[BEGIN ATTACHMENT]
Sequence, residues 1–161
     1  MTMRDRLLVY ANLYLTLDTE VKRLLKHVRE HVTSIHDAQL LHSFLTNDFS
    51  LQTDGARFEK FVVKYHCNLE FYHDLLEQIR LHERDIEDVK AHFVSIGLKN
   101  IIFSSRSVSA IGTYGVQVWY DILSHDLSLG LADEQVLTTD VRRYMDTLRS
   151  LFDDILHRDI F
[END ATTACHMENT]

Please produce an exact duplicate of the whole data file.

Sequence, residues 1–161
     1  MTMRDRLLVY ANLYLTLDTE VKRLLKHVRE HVTSIHDAQL LHSFLTNDFS
    51  LQTDGARFEK FVVKYHCNLE FYHDLLEQIR LHERDIEDVK AHFVSIGLKN
   101  IIFSSRSVSA IGTYGVQVWY DILSHDLSLG LADEQVLTTD VRRYMDTLRS
   151  LFDDILHRDI F